Kindred Hearts by Rowan Speedwell

Title: Kindred Hearts
Author: Rowan Speedwell
Publisher: Dreamspinner Press
Pages: 350
POV: 3rd
Kisses: 5


Charming rascal Tristan Northwood seems to have it all: an ancient name, a noble inheritance, a lovely wife, and a son he adores. Women love him, men admire him, and it seems there is nothing he can’t do, whether it’s seducing a society wife or winning a carriage race. Little does Society suspect that the name means nothing to him, the fortune is in his father’s controlling hands, and he has no interest in his wife except a very distant friendship. Society bores him, and he takes dares because he only feels alive when he’s dancing on the edge… until his wife’s brother comes home from the wars.

Decorated war hero Major Charles Mountjoy jerks Tris out of his despair by inspiring feelings of passion Tris had never suspected himself capable of. Almost as terrifying as those feelings for Charles are the signs Charles might return his affection—or, even worse, that Charles sees the man Tristan has been trying so valiantly to hide from the world.


Rowan has delivered another amazing story to her readers everywhere. This time she tackles a romance between two men who lived back when that little Napoleon dude ran rampart and the Battle of Waterloo happened. The two men, Tristan and Charles, were what I like to call soul-bonded. Back in the era this story takes place falling in love with and having sex with the same sex is a crime punishable by death, yet these two men find a way to make it work, find a way to find happiness, even thru a marriage, a war, and other such things such as addictions, physical impairments, and possible exposure.

We meet one of the main characters when he’s but eight years old, Tristan Northwood, at the time of his mothers and sisters death, he is left alone in the world along with his father, and sadly the two just can’t seem to see eye to eye. His father had no idea what being a father entailed, he trusted that his lovely wife would be around to raise the kids, however, fate plays a bad hand with this family. Tristan is put in the finest schools, given any and everything he could have wanted, but he wasn’t ever happy. He can’t, no matter what he does make his father happy or proud of him, so he doesn’t try. Instead he does what he wants when the urge strikes him.
He’s a ladies man in every true sense of the word, he’s a drinker, an adventurer, a dare devil and he’s anything but happy.

Upon his father’s demands, he gets married to Lady Charlotte, a woman who I greatly admire. She spends no time on frivolities, there’s no false pretense with her, she is a in your face, plain as day, truth on the platter woman and I found that I really liked her. Generally the ladies of that era, when written in stories, drove me nuts almost causing me to have several DNF titles lying about. I’m not a big historical fiction fan; I burnt out on it years ago, so to read her character I was totally in awe. She set a new standard for me and I hope to see more of these types of heroines.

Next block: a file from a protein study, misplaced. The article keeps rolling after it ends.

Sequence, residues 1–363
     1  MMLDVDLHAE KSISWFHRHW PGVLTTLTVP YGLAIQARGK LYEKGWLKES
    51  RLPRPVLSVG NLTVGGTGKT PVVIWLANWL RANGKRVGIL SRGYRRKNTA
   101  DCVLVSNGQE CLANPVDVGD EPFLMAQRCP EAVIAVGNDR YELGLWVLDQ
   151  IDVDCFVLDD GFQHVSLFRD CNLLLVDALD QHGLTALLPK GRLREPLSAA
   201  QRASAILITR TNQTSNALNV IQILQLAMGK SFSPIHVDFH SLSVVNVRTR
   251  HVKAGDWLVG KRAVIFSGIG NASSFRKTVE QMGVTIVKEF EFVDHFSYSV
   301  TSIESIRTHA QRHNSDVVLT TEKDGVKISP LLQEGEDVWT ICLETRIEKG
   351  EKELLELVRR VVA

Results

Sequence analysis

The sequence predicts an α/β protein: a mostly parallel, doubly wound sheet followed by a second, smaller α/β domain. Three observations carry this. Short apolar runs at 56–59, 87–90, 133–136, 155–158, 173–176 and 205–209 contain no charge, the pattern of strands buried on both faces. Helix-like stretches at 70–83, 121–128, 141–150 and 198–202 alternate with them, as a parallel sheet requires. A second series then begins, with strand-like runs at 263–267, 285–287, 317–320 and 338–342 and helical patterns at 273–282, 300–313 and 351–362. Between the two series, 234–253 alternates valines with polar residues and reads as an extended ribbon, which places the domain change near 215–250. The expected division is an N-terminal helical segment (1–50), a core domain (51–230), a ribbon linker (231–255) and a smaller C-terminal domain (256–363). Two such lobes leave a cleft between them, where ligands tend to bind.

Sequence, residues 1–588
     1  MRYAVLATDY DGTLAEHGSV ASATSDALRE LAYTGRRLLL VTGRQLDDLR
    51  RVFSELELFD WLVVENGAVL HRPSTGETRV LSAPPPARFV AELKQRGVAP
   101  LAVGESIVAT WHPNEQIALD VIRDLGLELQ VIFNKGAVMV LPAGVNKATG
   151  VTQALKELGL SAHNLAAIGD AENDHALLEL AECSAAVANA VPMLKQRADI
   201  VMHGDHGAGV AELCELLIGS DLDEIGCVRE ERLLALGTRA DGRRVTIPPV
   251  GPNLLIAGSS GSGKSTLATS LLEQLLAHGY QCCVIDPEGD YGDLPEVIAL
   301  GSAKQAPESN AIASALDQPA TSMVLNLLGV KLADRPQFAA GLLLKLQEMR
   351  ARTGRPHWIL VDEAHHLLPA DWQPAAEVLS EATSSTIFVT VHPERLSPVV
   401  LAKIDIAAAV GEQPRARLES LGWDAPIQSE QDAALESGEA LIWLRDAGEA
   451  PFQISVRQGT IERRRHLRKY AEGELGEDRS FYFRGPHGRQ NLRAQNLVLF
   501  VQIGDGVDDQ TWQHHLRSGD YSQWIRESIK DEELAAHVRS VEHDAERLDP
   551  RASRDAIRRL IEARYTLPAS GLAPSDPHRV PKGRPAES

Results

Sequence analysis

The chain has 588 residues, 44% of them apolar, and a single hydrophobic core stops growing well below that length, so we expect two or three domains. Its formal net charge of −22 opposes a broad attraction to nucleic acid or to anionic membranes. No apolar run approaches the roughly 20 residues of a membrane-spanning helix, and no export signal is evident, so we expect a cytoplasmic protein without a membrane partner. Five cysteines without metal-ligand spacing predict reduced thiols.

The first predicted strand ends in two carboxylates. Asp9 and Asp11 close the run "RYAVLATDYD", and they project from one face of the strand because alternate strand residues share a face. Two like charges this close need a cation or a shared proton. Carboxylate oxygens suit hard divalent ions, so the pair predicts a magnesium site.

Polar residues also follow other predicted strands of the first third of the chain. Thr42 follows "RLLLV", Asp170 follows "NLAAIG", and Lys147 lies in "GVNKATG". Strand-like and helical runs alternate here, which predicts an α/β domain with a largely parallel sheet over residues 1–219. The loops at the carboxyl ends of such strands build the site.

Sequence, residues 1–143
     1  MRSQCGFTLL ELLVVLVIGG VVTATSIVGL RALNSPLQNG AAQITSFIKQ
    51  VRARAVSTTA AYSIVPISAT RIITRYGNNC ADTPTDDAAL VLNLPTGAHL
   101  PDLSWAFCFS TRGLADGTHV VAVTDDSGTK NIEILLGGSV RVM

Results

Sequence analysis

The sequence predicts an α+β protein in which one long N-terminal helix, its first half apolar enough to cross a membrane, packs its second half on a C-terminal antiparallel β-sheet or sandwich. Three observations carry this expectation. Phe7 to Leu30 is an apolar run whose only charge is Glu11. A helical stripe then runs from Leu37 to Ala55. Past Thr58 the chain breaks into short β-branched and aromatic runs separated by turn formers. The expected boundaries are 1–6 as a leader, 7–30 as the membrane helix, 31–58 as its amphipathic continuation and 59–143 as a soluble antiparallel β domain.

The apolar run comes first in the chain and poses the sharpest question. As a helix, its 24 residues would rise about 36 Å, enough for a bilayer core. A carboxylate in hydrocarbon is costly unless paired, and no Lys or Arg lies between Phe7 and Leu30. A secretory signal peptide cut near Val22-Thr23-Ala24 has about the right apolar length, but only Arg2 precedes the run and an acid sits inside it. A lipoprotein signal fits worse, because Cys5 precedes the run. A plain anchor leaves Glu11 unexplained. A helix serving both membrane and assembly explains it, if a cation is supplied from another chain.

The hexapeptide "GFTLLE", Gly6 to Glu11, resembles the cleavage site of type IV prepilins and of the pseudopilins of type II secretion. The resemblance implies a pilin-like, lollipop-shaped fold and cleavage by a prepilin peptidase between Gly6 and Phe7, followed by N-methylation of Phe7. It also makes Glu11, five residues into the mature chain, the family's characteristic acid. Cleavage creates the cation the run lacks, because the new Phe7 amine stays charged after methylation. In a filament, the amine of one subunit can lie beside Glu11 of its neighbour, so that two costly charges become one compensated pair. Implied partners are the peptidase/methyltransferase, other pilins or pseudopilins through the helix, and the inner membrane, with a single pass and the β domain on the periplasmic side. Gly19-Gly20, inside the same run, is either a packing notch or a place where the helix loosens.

She and Tristan marry, they have a child and that’s just that. She expects nothing in return but to be treated good. Sex isn’t a big thing with her, love seems to elude her, she is who she is and I adore her. She’s not shy by any means and will say it how it is. Giving into hysterics? Not this strong woman.

She births Tristan’s son, Jamie who is named his father’s heir. The whole purpose of his marriage to her was to produce an heir for his father because Tristan had proven to be a failure in his dad’s eyes. A marriage of convenience. And one that was slowly killing Tristan, that is until he met Charlotte’s brother Charles.

These two men together are an amazing team. Charles brings Tristan from a state of total despair and shows him worth, shows him he’s so much more than a drunken aristocrat, and Tristan shows Charles it is possible to find love, true happiness and trust. Now, I can see that you’re like: but wait, he’s married, has children.

Read this enticing story to find out how all that blends in. Rowan gives a show of her intense research on the historical side of this novel. The detail is awesome, the story line powerful, the characters awe-inspiring. And again, though I am no longer into reading historical romance novels, I’m glad I didn’t allow that to stop me from digging into this story. It was well worth every word read.

Reviewed By: Michele


1 Comment

  1. Pingback: And Here They Are: Our Top Picks of 2011! « Top 2 Bottom Reviews

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